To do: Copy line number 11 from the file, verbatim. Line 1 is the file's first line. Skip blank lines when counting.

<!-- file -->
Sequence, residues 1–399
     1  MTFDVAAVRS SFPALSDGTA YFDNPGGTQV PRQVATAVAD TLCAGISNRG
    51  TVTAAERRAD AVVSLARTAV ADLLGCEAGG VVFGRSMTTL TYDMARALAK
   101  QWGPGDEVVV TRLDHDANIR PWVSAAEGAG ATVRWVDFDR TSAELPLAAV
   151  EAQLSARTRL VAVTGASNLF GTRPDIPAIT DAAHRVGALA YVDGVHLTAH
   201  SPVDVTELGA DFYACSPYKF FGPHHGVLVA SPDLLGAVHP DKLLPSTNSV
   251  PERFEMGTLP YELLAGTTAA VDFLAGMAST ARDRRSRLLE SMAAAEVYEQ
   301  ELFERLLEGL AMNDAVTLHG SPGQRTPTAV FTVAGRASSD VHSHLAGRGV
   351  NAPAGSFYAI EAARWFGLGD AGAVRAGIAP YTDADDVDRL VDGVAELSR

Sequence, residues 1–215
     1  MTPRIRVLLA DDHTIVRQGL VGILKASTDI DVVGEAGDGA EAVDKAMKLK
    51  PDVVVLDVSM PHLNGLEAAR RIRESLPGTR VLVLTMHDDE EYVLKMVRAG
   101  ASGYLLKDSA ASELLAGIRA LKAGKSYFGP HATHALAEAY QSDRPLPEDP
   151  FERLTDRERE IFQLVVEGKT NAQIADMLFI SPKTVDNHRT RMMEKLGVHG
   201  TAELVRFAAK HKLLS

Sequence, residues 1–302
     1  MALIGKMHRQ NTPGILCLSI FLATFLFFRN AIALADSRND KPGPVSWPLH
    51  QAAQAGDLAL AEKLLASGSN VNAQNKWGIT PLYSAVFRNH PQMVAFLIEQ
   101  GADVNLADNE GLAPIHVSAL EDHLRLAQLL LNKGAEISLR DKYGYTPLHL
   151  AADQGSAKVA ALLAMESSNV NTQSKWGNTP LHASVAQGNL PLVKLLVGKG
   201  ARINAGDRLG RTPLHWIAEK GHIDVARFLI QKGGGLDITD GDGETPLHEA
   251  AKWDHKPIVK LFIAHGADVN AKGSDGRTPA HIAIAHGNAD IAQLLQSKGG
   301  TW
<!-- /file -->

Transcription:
     1  MTPRIRVLLA DDHTIVRQGL VGILKASTDI DVVGEAGDGA EAVDKAMKLK